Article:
in Hip Hop last month, I was reminded of the role that enlightened
white folks could play as social justice advocates.
It makes sense that there comes a time where a White person
who is interested in social justice asks what can I do? Again, Lipsitz
addresses this question when he writes,
White people always have the option of becoming anti racist,While browsing my Google reader feed I came across Ta-Nehisi
although not enough have done so. We do not choose our
color, but we do choose our commitments. We do not
choose our parents by we choose our politics. We do not make
these decisions in a vacuum; they occur within a social
structure that gives value to whiteness and offers rewards
for racism. Critics attack minority artists and intellectuals
as guilt mongering whiners demanding special privileges
and seeking to elevate inferior works in order to elevate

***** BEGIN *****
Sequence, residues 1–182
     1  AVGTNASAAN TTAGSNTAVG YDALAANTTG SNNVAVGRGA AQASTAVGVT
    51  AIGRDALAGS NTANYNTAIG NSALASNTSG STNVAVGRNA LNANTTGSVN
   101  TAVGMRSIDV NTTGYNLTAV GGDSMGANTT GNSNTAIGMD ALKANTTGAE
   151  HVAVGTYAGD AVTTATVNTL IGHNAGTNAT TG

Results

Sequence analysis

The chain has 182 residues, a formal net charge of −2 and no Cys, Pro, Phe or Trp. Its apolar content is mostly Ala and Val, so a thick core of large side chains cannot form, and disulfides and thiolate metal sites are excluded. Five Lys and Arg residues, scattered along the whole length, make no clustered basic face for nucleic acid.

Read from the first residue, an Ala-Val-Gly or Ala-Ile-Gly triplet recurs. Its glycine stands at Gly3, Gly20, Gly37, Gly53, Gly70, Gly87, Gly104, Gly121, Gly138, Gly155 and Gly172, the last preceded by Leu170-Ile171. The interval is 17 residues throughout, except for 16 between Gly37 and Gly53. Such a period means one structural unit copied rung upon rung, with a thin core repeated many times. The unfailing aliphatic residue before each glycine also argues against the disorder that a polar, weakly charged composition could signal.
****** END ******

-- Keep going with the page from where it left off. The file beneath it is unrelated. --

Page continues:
their own self esteem, while on a broader front, politicians
demagogically, dismantle the anti discrimination mechanisms
established as a result of the civil rights movement, mislabeling
antiracist remedies as instruments of reverse racism....
Coates' post on The Civil War and slavery, which is informed by
David Blights lecture on the topic. Coates quotes Blight when
By 1860 there were approximately four million slaves in the united states, the second largest slave society/slave population in the world. The only one larger was Russian serfdom...But in 1860, American slaves a s a financial asset were worth approximately 3.5 billion dollars...in today's dollars that would be approximately 75 billion dollars. In 1860 slaves as an asset were worth more than all of American manufacturing, all of the railroads all of the productive capacity of the United States, put together. slaves were the single largest, by far, financial asset in the American economy.3.5 Billion could buy a whole lot of acres and mules,
which brings me to the apology that the Senate issued for
chattel slavery last week.
Pay me or ignore me, but don't insult me with an apology.
Jewish folks received reparations from the Swiss and Germans
for the role that they played in The Holocaust.